Ways to Be Wicked
Okay, maybe it’s just me, but despite the buzz I’ve been hearing for a while now about Julie Ann Long, my first book by the author left me distinctly underwhelmed. Yes, I agree that she has a strong and true voice and a way with words that I admired, but this book relies too much on knowledge of the previous books in the series for it to work for a first-time reader and, regretfully, it also comes complete with pages (and pages and pages and pages) that were, in a word, boring.
The set up here involves beautiful French ballerina (and I’d love to know if that was a term commonly used during this period) Sylvie Lamoreux, who travels to England to find her long-lost sister, a circumstance that will be much more clear to you than it was to me if you’ve read the author’s previous books. Mysteriously, after being told that the woman she believes to be her sister is, in fact, in France on the same quest, virtually all talk of Sylvie’s search is dropped for approximately the next 200 pages while she struggles to fit in as a dancer in a bawdy London theatre owned by the book’s hero.
Sylvie and Tom Shaughnessy meet awfully cute (though, technically they had a brief encounter hours earlier) when both foil an attempted coach robbery. After arriving in London and being rebuffed by her sister’s butler, Sophie goes to Tom’s theatre hoping to find a welcome. She does, of course, though the kind of dancing she’s expected to do hardly qualifies as classical ballet.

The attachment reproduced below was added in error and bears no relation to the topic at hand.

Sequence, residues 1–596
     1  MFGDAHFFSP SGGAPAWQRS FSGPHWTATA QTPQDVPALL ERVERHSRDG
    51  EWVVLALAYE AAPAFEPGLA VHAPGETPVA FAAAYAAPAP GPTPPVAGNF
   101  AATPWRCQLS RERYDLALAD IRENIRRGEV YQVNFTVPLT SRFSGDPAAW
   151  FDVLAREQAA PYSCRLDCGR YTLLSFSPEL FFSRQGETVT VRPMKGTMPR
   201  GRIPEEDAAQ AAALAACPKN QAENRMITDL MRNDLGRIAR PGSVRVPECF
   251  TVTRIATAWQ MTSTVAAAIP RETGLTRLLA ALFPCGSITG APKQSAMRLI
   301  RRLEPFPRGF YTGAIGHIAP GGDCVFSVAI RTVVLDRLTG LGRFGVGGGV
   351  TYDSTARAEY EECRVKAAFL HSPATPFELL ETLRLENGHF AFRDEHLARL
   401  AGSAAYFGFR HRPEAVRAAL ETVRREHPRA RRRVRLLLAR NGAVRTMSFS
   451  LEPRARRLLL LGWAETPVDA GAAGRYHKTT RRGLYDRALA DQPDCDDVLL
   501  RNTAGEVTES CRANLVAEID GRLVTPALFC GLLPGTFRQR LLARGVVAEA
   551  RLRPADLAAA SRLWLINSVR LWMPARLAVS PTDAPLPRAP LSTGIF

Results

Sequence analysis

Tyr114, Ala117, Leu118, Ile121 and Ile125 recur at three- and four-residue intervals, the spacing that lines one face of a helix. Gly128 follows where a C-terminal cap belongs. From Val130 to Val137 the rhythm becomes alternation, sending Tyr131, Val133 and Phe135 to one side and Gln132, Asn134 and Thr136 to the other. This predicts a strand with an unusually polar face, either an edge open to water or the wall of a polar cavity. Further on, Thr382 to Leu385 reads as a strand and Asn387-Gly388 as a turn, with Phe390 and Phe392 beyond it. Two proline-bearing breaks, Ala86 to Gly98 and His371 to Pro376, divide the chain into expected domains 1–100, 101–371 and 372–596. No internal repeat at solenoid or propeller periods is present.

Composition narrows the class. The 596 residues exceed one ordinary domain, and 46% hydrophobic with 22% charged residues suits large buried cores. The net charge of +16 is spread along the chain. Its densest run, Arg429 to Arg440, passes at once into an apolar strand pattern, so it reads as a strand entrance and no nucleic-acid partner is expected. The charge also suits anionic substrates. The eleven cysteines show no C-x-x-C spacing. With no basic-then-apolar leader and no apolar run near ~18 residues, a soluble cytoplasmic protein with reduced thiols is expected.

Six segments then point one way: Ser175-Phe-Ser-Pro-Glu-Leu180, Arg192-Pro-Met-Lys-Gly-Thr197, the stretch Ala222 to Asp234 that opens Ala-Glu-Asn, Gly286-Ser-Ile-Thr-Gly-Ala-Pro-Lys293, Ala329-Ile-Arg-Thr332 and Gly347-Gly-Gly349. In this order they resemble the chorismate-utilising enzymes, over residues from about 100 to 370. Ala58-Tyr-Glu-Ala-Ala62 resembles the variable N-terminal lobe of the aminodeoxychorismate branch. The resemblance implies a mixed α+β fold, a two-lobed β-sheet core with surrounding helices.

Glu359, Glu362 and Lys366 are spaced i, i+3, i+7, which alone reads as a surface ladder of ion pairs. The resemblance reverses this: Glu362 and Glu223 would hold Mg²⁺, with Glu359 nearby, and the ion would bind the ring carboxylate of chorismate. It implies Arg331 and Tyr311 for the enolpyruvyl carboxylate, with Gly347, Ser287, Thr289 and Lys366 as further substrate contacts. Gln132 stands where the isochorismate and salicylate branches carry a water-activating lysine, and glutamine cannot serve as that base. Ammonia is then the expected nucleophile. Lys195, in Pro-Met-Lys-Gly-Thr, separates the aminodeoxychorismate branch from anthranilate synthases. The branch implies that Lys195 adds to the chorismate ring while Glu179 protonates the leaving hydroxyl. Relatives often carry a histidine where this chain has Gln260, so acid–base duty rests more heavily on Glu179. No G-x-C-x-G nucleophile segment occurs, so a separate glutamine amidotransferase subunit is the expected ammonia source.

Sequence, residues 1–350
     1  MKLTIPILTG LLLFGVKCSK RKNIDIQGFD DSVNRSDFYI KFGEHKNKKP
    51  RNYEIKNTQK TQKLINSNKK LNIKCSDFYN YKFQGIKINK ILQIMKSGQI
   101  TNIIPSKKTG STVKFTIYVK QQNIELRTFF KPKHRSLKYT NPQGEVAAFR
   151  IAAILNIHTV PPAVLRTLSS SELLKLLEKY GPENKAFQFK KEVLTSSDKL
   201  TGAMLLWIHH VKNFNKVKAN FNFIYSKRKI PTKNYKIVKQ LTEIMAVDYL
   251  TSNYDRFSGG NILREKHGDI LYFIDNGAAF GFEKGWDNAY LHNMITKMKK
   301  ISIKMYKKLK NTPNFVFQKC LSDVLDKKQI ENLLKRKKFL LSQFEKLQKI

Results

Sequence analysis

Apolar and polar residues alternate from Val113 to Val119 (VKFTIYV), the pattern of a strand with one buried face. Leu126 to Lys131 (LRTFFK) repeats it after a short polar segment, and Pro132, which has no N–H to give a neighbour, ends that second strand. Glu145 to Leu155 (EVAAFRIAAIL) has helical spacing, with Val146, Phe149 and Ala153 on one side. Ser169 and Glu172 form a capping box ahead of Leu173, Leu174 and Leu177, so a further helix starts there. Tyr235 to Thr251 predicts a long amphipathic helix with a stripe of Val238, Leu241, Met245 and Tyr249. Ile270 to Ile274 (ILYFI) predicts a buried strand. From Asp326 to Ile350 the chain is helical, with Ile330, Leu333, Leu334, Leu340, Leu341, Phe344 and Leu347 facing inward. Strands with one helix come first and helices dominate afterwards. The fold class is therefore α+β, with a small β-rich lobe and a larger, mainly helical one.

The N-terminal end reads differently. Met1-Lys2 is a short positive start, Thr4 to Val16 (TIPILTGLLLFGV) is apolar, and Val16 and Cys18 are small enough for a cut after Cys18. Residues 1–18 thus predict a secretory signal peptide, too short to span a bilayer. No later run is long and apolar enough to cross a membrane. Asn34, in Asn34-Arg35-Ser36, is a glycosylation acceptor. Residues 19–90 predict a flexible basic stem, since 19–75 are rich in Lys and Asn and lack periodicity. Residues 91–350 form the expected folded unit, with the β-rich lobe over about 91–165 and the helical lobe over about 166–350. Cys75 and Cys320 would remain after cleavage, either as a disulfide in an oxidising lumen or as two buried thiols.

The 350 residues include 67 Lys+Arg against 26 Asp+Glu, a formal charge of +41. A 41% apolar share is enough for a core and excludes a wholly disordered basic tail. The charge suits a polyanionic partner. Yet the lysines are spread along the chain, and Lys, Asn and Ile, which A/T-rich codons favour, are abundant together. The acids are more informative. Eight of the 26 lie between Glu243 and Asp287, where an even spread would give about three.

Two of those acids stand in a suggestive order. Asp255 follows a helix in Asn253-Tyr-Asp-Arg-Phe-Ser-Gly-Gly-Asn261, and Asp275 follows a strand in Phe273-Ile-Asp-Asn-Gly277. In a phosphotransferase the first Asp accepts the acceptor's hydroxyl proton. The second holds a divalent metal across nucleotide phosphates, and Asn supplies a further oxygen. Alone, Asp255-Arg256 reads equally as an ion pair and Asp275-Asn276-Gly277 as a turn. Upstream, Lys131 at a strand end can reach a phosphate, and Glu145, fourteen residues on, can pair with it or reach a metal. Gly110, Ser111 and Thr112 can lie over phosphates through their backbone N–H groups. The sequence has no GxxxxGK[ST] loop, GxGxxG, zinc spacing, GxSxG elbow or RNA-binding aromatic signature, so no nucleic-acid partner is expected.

Of course, Sylvie and Tom are attracted to each other, but Sylvie already has a lover in France (and kudos to Ms. Long, for he is, indeed, her lover) for whom she clearly has ambivalent feelings and Tom doesn’t “do” the women who work for him. Eventually, Sylvie and Tom get together, but readers who like these matters to move a bit more speedily should know that this doesn’t occur until page 257.
My biggest problem with the book though, is the many, many, many, many pages devoted to Sylvie’s life at the theatre. If you’ve always wanted to know everything (make that everything) about Regency-era theatre of the bawdy type, then this is certainly the book for you. If the minute details of preparing a new stage production and an intense and detailed examination of the bickering and spats amongst the dancers don’t sound like your cup of tea, then it’s a good chance your eyes will glaze over just as much as mine did.
Add in the fact that while I liked both Tom and Sylvie (though the repeated descriptions of her breath-taking beauty and immense talent soon began to grate), I never really felt the chemistry between them. The many references to Tom’s rakishness also felt a bit hollow since he really doesn’t come across as a rogue at all, but instead as a basically decent but flawed man trying to run a business. The love scene (once you get there) is very nice, but that’s something you can look forward to only after wading through all those pages (and pages and pages) about the theatre.
In the book’s latter pages, Sylvie’s quest for her sister again takes center stage and is wrapped up lickety-split, but if, like me, you haven’t read the author’s previous books, it all seems pretty darn pat.
I have to say, however, that even though this was a less than auspicious introduction to the author for me, I can’t say how it compares to Ms. Long’s previous books, so please make your own judgments and take into account my lack of familiarity with the continuing storyline. First time readers, though, will definitely not want to start with Ways to Be Wicked. I’m certainly sorry that I did.